The second Basis fitness tracker slims down but retains a healthy battery life

The original Basis B1 smartwatch included an optical heart rate monitor, which was a big deal in 2012 when it launched. But other smartwatches have caught up since then, and an LED is no longer an unusual sight poking out from the underside of a watch, so the Basis was due for an update. On Monday, Basis announced the Basis Peak, which improves on the original in several ways.

Most of the changes in the Basis Peak are focused on improving its fitness tracking capabilities. For instance, the touchscreen remains black and white to save battery life, but gets a big upgrade in terms of both size and resolution. The optical heart rate monitor that was the claim-to-fame of the Basis B1 is also improved, with a more powerful LED that should improve accuracy. The Basis finally gets Bluetooth LE support, which will significantly help battery life. Most importantly, the whole package has been slimmed and shrunk down, and generally looks more like a polished, second generation product.

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Those sensors plug data into existing Basis apps for iOS and Android, which combine activity tracking with a light gamification layer that “encourages” good habits like going to bed at the right time or suggesting that office workers to stand up once an hour. The Basis app tracks sleep — which includes REM, deep and light sleep — as well as walking, biking and running. Unfortunately, the Basis Peak doesn’t seem to have any of the sensors or chips that [company]Intel[/company], its new parent, has been working on lately.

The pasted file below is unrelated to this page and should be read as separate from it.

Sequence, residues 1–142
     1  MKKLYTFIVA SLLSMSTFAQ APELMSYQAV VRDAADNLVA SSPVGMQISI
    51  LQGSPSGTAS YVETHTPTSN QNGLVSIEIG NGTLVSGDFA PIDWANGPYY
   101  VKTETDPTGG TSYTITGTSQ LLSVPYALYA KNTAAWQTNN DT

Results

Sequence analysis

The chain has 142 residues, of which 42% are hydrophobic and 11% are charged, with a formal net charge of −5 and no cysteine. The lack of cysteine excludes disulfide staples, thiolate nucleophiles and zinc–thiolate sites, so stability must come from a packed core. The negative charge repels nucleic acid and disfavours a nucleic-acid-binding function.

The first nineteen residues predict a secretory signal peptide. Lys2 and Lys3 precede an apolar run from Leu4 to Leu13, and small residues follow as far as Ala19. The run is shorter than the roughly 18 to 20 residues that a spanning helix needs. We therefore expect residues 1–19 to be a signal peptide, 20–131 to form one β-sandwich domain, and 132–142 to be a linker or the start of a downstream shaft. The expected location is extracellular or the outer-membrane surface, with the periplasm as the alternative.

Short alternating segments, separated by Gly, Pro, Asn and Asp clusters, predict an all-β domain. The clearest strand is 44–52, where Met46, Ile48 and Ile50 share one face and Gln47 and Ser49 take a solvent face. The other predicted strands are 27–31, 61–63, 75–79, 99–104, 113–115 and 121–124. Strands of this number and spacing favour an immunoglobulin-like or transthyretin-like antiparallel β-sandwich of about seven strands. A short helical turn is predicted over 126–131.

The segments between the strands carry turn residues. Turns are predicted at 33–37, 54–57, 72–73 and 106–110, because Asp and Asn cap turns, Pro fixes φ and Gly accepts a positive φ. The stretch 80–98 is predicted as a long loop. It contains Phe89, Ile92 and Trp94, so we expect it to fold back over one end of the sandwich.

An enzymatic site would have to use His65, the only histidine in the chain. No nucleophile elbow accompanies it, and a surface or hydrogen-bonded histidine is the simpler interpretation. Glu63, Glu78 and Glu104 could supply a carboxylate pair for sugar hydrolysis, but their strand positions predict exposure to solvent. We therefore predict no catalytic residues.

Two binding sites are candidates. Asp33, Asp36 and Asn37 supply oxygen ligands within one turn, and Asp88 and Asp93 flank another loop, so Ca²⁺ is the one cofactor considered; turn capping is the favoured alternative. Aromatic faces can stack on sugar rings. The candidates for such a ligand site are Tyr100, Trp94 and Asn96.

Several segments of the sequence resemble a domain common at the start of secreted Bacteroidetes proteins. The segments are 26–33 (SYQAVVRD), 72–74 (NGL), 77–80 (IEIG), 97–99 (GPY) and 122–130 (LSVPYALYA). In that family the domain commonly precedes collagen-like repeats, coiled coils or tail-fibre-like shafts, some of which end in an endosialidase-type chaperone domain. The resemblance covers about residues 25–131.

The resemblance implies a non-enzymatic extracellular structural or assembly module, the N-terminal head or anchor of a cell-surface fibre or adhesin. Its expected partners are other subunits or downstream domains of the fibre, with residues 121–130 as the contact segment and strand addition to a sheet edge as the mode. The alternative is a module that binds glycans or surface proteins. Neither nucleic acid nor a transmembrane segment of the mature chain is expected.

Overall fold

Special attention should be paid to the Basis Peak strap, which uses a new type of connection mechanism that works with standard 23mm watch straps. But the default strap should be very nice as well, with special attention paid to airflow. Basis understands most users will stick with the strap that came in the box, and they’ve taken the time to make sure it’s comfortable over the long run.

Basis is promising that the Peak will eventually be capable of displaying notifications from a smartphone as well, like other smartwatches. But consumers thinking about buying the Basis Peak should consider those to be a bonus, especially Basis says those capabilities will be “expanded over time.”

But you’re not buying the Basis Peak to be an Android Wear smartwatch, you’re buying it to use Basis’ algorithms and software to help you get fit. So the compromises also come with benefits, like a four-day battery life and true waterproofing, which means you can go swimming with your Basis Peak on.

The optical heart rate monitor on the Basis B1 proved to be so effective that it has become almost standard issue on smartwatches coming out in 2014: Several Android Wear smartwatches come with optical heart rate monitors, Fitbit’s followup to the now-recalled Force will have one, and the unreleased Apple Watch will have a variety of biometric monitors.